Twitter’s announcement that it will ban all political advertising has prompted a wave of calls for Facebook to do the same. But Twitter’s political advertising operation had just 21 advertisers across the entirety of the EU during the parliamentary elections this year, according to the site’s transparency report.
The Twitter co-founder and chief executive, Jack Dorsey, has turned a weakness into a strength, cutting off a minuscule revenue stream in order to heap pressure on his main competitor. In the hours since Twitter’s announcement, support has come from voices as diverse as the US-based campaign group Muslim Advocates, the Open Knowledge Foundation thinktank and the screenwriter Aaron Sorkin.
Madihha Ahussain, of Muslim Advocates, commended Dorsey for “acknowledging the serious problem of political misinformation and for not-so-subtly rebuking Facebook’s reckless political ad policy”.
The chief executive of the Open Knowledge Foundation, Catherine Stihler, said Twitter’s decision was “very welcome” and called on Facebook to act on “growing demands for greater transparency”. She said: “It is imperative that we do not allow disinformation to blight this year’s UK general election, forthcoming elections across Europe, and next year’s US presidential election.”
Sorkin, writing in the New York Times, criticised Mark Zuckerberg for enabling the “crazy lies pumped into the water supply that corrupt the most important decisions we make together”. The screenwriter behind The Social Network, a film about Facebook’s early years, joined in a chorus of criticism of the site’s policy of explicitly allowing misinformation in political adverts.
“Right now, on your website, is an ad claiming that Joe Biden gave the Ukrainian attorney general a billion dollars not to investigate his son. Every square inch of that is a lie and it’s under your logo. That’s not defending free speech, Mark, that’s assaulting truth,” he wrote.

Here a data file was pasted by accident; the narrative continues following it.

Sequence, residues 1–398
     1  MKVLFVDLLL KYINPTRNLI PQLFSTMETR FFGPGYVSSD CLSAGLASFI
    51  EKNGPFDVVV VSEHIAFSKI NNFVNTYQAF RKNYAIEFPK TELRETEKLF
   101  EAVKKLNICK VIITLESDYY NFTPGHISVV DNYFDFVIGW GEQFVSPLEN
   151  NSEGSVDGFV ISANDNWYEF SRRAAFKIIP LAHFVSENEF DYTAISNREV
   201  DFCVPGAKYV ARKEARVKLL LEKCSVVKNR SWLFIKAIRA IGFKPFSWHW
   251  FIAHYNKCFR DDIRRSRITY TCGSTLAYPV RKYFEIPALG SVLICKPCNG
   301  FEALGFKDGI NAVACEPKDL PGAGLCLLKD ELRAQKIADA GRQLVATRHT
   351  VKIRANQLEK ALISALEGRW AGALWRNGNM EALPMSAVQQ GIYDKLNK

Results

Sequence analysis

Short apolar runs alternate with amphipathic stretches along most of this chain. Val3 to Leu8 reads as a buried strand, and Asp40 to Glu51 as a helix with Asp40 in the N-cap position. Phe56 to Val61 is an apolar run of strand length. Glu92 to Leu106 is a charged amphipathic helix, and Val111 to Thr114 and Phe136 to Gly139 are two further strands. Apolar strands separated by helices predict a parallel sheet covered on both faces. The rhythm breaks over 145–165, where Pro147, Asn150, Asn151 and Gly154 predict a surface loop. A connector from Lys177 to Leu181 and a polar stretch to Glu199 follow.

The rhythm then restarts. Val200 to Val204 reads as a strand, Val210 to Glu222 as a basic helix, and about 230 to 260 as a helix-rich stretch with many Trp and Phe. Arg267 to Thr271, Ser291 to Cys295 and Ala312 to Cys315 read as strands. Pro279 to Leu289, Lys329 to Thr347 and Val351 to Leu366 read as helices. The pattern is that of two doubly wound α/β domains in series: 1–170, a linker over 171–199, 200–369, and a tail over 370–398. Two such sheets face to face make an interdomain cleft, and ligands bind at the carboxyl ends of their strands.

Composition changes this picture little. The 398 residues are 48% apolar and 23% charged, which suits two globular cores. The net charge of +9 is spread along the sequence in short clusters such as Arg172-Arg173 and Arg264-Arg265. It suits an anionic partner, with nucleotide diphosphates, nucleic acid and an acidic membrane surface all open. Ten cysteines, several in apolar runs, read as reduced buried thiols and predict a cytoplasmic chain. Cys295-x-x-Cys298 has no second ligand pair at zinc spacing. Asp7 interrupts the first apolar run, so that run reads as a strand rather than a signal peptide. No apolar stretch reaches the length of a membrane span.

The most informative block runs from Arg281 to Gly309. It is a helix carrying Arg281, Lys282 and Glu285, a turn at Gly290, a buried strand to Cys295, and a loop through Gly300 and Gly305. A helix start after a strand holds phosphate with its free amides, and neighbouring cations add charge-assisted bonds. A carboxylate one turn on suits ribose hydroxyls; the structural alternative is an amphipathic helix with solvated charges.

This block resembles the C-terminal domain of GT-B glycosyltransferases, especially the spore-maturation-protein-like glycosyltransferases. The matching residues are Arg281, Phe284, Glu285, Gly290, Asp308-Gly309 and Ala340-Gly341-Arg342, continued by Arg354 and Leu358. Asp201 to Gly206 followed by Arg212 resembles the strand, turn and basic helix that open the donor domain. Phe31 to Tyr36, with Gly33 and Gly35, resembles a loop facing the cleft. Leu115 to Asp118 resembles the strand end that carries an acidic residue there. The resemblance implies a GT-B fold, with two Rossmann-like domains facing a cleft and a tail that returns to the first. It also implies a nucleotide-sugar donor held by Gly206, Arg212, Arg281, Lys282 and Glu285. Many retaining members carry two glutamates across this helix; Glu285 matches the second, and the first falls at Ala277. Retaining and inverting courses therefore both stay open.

“You and I want speech protections to make sure no one gets imprisoned or killed for saying or writing something unpopular, not to ensure that lies have unfettered access to the American electorate.”
Zuckerberg highlighted that, as with Twitter, political adverts were not a major revenue stream at Facebook, representing “less than 0.5% of our revenue next year”. In a lengthy and emotional defence of the company’s “principles”, he denied allegations that the moves were “cynical political calculation, that we’re just trying to appease conservatives – that’s wrong too. Frankly, if our goal were to make either side happy, we’re not doing a very good job, because we’re making everyone frustrated with us.”
Dorsey’s move also brought some criticism. Donald Trump’s digital campaign chief, Brad Parscale, called the move “yet another attempt by the left to silence Trump and conservatives”, saying in a statement that it was “a very dumb decision” made because “Twitter knows President Trump has the most sophisticated online programme ever known”.
The company also faced criticism on the details after it confirmed that the ban would apply not just to adverts for political candidates but also to ones that touch on issues of “national importance”, including climate change, healthcare and immigration.
But the small scale of political advertising on Twitter should help the company avoid the bulk of the criticism. Across the whole of the EU, just 21 advertisers, none from the UK, ran political adverts during the regulated period of the EU parliamentary elections, according to information on Twitter’s site. Facebook, by contrast, has taken more than £300,000 in the last week from just the top 10 British political advertisers.
Facebook might struggle to hold its stance for long. YouGov research conducted on behalf of the global advertising and marketing agency Grey London found that 81% of people thought political advertising should be regulated on social media during elections and referendums. There are no specific rules in the UK, only general spending limits that apply across all non-broadcast advertising.